unamenable to therapy - usually what therapy teaches sociopaths is how
to better get away with their behavior, not how to change it).

In any case, your hypothetical is -in itself- a fantasy. Child and adult
abuse is not comparable (and by the way, children who misbehave are not
"abusers."  They may be ill-bahaved, mentally ill, oppositional-defiant,
or any number of other things, but they're not the same thing as spouse
abusers, or even as adults who abuse children). Adults who abuse aren't
amenable to the sort of therapy that you suggest - it's not like
quitting smoking. Changing his circle of friends and place of residence
won't help.  What helps is removing him from situations where he has
someone to abuse. At least it helps the abused.

The reason most of the literature is on people who continue with the
abuse is because abusers rarely change (I don't say never, just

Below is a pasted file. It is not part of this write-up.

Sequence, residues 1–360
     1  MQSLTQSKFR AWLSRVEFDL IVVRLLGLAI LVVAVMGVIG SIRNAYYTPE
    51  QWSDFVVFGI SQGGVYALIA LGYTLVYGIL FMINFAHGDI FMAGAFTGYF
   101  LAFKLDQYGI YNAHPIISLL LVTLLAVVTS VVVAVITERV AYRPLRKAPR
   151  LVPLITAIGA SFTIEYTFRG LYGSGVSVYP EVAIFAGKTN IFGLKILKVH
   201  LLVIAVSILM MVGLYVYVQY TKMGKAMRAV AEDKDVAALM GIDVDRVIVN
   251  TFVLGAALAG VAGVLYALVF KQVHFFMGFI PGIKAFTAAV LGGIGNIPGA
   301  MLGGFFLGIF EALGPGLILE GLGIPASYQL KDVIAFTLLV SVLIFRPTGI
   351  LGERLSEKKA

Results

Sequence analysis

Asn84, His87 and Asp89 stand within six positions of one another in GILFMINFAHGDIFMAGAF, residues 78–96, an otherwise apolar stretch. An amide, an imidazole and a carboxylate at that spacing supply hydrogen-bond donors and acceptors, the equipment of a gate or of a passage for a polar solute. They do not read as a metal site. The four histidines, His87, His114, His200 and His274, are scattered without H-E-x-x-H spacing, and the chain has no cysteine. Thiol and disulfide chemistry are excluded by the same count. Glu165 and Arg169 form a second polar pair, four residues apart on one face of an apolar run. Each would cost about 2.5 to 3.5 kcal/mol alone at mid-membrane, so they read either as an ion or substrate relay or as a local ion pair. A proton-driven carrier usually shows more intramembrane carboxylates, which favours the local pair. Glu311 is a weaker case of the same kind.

rarely). Given the case, to allow a woman to be the test case is on a
par with asking her to risk her life for someone else's possible
tshuvah. Not an acceptable risk. If her partner has a history of abuse,
she should always be told. If she then wants to take the risk, she
should have resources made available to her for escape just in case he
does indeed continue to abuse.

Alana Suskin


From: <rjhendel@...> (Russell Jay Hendel)
Date: Tue, 2 Dec 2003 23:36:54 GMT
Subject: Explicit Jewish Laws on Repentance for Violence

The issue came up recently of whether (a) spousal abusers can repent (b)
if they do repent should we just give them back their former life (c)
should Judaism uses its belief in repentance to override a psychological

Turning to Chapter 5 of Torts of the Rambam we find the laws of
repentance of physical abusers.

Now dont get me wrong---Maimonides is not that kind to this person. If I
damage someones property then I pay my damage and I am forgiven. But if
I break someones bones (eg husband vs wife) then I cant get forgiveness
simply by paying him!

I must ask his forgiveness. If he doesnt give forgiveness I must come
back and beg for forgiveness. Using the guidelines found in the Laws of
Repentance I assume that means I must bring 3 sets of 3 friends who